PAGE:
Cairn Energy confirmed today that India had appealed a tribunal’s decision to award the Scottish oil firm $1.2 billion over the breach of an investment treaty.
Edinburgh-headquartered Cairn said it had “full confidence” in its position and would take “all step necessary” to protect the interests of its shareholders.
Earlier this month, Cairn said it had taken measures to have the award “recognised in certain major jurisdictions in which Indian sovereign assets have been identified”.
It is understood this move could potentially enable Cairn to seize assets overseas, including bank accounts, Air India planes or Indian ships, if the Asian country does not pay.
The tax row between both sides started in 2014-15 and centres on restructuring undertaken by Cairn ahead of the flotation of its Indian subsidiary in 2007.
The Indian Income Tax Department (IITD) restricted the firm from selling its shareholding in Cairn India, which was about 10% and worth £750m.
Following the merger in April 2017 of Cairn India and Vedanta, the shareholding was replaced by 5% equity in Vedanta.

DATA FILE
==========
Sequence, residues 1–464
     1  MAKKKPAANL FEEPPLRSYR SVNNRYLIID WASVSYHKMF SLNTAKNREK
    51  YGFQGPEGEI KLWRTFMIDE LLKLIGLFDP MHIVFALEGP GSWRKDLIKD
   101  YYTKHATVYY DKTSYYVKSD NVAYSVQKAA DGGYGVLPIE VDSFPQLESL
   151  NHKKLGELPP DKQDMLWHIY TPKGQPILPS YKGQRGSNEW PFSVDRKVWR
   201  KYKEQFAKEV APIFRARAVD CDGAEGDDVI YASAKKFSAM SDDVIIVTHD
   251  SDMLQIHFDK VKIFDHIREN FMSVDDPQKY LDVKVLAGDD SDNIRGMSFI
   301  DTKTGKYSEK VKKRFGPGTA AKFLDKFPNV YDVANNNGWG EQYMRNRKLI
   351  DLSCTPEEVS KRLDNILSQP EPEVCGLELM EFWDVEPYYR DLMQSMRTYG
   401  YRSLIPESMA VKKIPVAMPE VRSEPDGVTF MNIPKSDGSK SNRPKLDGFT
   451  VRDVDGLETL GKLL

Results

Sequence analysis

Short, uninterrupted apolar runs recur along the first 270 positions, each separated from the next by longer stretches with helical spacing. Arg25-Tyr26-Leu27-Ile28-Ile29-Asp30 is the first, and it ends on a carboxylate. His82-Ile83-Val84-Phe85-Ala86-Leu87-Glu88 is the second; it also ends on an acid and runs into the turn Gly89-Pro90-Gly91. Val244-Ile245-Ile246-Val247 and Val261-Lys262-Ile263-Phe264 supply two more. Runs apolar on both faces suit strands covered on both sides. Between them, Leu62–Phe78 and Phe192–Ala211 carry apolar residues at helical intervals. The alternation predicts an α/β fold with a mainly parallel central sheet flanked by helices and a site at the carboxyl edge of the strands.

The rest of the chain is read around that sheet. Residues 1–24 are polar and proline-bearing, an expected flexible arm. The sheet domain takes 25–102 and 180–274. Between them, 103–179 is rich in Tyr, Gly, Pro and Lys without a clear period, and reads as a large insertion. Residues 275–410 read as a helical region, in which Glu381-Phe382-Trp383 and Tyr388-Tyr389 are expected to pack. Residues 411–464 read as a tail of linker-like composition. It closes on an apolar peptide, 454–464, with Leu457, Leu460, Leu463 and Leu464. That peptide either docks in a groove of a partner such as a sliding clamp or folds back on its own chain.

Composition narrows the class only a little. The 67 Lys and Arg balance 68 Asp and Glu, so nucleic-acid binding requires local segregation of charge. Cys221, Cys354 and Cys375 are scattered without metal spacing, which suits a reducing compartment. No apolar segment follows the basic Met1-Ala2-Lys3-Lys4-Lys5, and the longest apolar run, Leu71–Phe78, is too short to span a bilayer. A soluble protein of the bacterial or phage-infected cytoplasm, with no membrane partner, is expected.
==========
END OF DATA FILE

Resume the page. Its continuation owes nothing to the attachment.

The IITD later instructed the sales of 99% of Cairn’s shareholding and seized proceeds of £455m.
London-listed Cairn argued India was trying to retrospectively apply tax legislation introduced in 2012 to transactions made by the firm six years earlier.
It claimed compensation for losses of more than £1 billion resulting from the “expropriation of its investments in India in 2014, continued attempts to enforce retrospective tax measures and the failure to treat the company and its investments fairly and equitably.”
The legal seat of the tribunal was the Netherlands and the proceedings were under the registry of the Permanent Court of Arbitration.
Treaty proceedings formally commenced in January 2016 and final merits hearings for the arbitration concluded during 2018.
Cairn said the tribunal “ruled unanimously” that India had breached its obligations to Cairn under the UK-India Bilateral Investment Treaty and that compensation was due.
It further ruled that the retrospective tax amendment was “grossly unfair” and in breach of the “fair and equitable treatment” standard of the treaty.
On its website, Cairn describes the dispute as an “unfortunate conclusion” to its 20-year spell in India.
Cairn claimed to have transformed India’s oil and gas industry with the discovery of the Mangala oil field in Rajasthan in January 2004.
The company said it had been a “model corporate citizen” and created a “legacy asset” which shows what can be achieved through partnerships and foreign direct investment.